Working Man’s HeroMartin Chandler |
Author: Francis, Bill
Publisher: Cricketers In Print
Rating: 5 stars
It is an overused expression, but this time I can put my hand on my heart and say that I have read something that actually brought, if not quite a tear to my eye, then that rather prickly sensation that you get when the tear is on its way. And that was just a couple of paragraphs in.
Dick Motz was the first New Zealand bowler to take a hundred Test wickets. He did so in 32 appearances in the 1960s, and those wickets cost this right arm fast medium bowler 31.48 runs apiece. So Motz was no Richard Hadlee, but in a side that was never particularly strong that is a more than creditable average and his wholehearted approach to his bowling, together with the belligerent late order batting that brought him three Test half centuries, endeared him to all his countrymen.
Unfortunately for Motz a displaced vertebra in his spine brought his playing days to an early close, at just 29. After that, and without an established career outside the game, life was rarely kind to Motz. Married twice his only son was the innocent victim of a newly released prisoner with a gun who went on a murderous rampage before turning his gun on himself. How does a man get over something like that?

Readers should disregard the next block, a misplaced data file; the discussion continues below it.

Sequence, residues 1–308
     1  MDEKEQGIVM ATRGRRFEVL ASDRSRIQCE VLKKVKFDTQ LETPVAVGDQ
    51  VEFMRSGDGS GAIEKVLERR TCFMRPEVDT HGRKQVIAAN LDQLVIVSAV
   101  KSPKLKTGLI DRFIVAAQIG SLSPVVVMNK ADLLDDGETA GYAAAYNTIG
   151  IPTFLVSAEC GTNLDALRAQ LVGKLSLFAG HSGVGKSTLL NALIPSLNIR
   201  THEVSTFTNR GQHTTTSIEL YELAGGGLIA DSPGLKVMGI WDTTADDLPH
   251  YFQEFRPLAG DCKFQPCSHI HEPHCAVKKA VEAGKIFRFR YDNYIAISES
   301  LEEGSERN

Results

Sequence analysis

Motz tried a number of ways of earning a living, those involving the licensed trade creating a man who found food and drink difficult to resist and whose weight ballooned alarmingly as he aged, and then there was that day in 2007 when his old skipper, Graham Dowling, answered the call to go and check how his old friend was doing, by then housebound and living on benefits. Dowling got no answer when he arrived at the door. He found the door open so went inside to discover, and it shocks even though as reader you sense that it is what is coming, Motz lying lifeless on his kitchen floor.
It is remarkable just how much detail of Motz’s life Bill Francis fits into the 14 pages of this mongraph, so much so that reaching the end you almost feel like you have read a full biography. The story Working Man’s Hero tells is utterly compelling, and whilst I wouldn’t normally give a monograph a five star rating, it would quite wrong to do anything else with this one.